"NR Narayana Murthy's return suggested that Infosys' leadership planning clearly didn't work out as expected. Ashok's exit has only exacerbated that issue.
"We believe Infosys needs to show greater openness to external candidates for senior roles, something which it has been highly resistant to," CLSA said.
Infosys declined to comment on the report.
Murthy, returned from retirement as Executive Chairman in June to steer the faltering firm he co-founded in early 1980s.
Last week, the Bangalore-based firm's head of Americas and global manufacturing, Ashok Vemuri, stepped down from his role.
Vemuri was seen as a top contender for the CEO's post (along with B G Srinivas and V Balakrishnan) after term of the incumbent and co-founder S D Shibulal ends in 2015.
Besides, after Murthy's return, Infosys has seen its sales head Basab Pradhan as well as North America chief for financial services Sudhir Chaturvedi quit the company.
The brokerage firm added that Infosys now needs a fresh approach on leadership planning from what it has adopted in the past. It needs to re-look at its succession strategy.
CLSA said the change is required not only because the next CEO will be a non-founder for the first time, but also because the current approach has not exactly worked.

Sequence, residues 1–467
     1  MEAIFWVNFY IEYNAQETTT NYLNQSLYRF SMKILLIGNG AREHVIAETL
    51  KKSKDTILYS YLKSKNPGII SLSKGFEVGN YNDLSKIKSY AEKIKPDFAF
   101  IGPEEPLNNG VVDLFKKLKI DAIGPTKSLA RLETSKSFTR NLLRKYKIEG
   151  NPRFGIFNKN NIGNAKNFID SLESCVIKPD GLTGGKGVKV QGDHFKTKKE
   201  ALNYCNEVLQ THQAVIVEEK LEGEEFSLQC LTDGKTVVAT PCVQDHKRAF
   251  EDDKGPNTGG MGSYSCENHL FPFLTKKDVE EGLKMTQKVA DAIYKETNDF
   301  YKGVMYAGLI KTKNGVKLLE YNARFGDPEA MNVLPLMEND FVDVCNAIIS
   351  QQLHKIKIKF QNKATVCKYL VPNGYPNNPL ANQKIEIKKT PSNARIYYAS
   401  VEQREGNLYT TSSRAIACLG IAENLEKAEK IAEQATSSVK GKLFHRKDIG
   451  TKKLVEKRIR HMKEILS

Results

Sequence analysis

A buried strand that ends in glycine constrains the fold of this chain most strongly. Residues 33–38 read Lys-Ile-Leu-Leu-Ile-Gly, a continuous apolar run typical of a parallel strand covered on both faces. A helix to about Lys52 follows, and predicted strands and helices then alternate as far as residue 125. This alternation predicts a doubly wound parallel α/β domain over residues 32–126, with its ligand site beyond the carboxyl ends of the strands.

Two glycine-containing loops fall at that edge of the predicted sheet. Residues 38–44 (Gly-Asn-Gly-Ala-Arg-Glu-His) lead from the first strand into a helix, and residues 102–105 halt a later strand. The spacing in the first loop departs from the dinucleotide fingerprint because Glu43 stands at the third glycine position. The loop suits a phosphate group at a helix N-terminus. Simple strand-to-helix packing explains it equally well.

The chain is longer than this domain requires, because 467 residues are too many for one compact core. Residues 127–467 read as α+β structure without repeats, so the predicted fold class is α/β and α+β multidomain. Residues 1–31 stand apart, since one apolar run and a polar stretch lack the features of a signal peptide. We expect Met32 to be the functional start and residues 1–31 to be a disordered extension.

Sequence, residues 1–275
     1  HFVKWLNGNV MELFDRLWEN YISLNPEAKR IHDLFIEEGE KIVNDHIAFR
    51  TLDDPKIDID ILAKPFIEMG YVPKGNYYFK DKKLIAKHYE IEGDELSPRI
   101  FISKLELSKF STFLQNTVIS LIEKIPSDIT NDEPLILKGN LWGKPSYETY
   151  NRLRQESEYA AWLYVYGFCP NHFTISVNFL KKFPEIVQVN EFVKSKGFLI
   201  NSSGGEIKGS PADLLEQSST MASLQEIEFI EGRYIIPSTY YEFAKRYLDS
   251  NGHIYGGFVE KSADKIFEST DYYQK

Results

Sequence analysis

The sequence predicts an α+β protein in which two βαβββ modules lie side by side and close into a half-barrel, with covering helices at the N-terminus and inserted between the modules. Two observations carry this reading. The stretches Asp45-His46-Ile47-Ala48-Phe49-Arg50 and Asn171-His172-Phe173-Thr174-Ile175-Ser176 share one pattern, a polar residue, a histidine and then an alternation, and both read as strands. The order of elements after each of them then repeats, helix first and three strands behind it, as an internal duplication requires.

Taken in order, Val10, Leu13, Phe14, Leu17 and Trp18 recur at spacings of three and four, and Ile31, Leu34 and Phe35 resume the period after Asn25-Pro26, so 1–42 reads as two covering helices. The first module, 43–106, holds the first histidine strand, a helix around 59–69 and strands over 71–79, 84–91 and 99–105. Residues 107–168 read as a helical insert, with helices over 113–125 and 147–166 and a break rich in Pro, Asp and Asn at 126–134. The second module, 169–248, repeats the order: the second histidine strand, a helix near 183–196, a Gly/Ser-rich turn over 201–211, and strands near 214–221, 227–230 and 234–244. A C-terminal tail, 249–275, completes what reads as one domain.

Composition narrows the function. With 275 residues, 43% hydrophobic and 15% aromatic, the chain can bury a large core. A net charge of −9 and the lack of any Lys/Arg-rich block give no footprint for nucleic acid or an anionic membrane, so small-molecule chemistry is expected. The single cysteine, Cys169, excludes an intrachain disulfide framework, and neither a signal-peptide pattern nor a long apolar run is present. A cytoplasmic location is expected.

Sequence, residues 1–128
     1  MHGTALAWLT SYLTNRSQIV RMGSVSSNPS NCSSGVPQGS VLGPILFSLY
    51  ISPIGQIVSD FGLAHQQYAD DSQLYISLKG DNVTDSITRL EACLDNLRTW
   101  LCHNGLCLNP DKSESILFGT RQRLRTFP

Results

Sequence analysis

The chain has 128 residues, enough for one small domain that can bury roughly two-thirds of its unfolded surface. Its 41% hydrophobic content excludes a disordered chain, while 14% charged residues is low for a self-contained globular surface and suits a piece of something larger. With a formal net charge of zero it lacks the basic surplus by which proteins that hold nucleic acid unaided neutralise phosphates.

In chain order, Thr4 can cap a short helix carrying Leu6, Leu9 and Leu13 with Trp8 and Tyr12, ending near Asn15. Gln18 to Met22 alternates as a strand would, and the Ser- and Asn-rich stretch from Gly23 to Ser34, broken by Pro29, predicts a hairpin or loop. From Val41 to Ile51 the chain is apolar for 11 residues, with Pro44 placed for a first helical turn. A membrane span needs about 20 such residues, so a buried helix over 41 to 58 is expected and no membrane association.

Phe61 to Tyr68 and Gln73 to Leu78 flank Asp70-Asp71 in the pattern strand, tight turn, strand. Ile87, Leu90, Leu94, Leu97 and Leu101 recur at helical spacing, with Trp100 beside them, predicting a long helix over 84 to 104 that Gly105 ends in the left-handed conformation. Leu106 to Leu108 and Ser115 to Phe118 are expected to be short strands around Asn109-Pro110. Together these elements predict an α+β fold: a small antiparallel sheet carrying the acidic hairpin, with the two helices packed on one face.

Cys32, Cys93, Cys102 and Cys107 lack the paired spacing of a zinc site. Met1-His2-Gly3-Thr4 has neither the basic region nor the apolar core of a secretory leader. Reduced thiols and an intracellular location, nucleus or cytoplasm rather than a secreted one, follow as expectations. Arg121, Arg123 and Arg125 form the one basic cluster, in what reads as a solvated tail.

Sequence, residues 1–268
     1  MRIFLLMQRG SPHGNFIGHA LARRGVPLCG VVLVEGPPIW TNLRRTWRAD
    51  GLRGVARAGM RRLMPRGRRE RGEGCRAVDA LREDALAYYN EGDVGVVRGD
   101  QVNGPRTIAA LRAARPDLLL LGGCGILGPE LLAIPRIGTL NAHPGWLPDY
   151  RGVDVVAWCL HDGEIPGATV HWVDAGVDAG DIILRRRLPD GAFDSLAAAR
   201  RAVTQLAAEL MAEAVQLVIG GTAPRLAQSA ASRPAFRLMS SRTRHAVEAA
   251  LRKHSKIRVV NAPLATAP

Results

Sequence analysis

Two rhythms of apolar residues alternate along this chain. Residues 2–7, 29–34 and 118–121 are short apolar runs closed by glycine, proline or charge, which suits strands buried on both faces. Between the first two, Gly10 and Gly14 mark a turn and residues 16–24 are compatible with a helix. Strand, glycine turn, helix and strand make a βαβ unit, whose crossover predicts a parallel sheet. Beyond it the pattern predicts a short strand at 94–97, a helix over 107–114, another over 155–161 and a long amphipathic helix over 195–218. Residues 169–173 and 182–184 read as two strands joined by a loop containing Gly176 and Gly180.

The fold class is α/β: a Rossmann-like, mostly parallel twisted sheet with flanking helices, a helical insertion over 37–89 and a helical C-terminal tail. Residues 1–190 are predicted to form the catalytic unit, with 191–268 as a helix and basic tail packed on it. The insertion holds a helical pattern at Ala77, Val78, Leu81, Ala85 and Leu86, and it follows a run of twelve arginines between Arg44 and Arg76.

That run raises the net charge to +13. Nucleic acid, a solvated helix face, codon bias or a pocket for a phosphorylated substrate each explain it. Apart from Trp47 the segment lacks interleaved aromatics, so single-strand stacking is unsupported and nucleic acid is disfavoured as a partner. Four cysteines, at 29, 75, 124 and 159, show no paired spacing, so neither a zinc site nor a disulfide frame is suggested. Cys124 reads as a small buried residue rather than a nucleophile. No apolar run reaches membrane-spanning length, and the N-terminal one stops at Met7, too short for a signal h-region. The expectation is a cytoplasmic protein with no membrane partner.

Infosys hardly (or probably never outside of consulting) hires any senior manager (vice-president and above) from outside and all have been groomed internally, it said.
While insider succession may motivate senior-level executives to stay put and aspire for leadership positions, the key disadvantage of not considering an external person is that existing management could get complacent, CLSA said.
"This has worked well for Infosys in the past...An argument for considering external candidates for leadership positions at Infosys is that change could be more important than continuity especially as things have not been going that well," the report maintained.
Once considered the industry bellwether with quarterly and annual guidance, Infosys is now struggling to keep pace with the rest of the industry.
It has not only stopped the practise of issuing quarterly forecast, but, expects to grow only 8-10 per cent for 2013-14, way below 12-14 per cent growth projected by industry body Nasscom.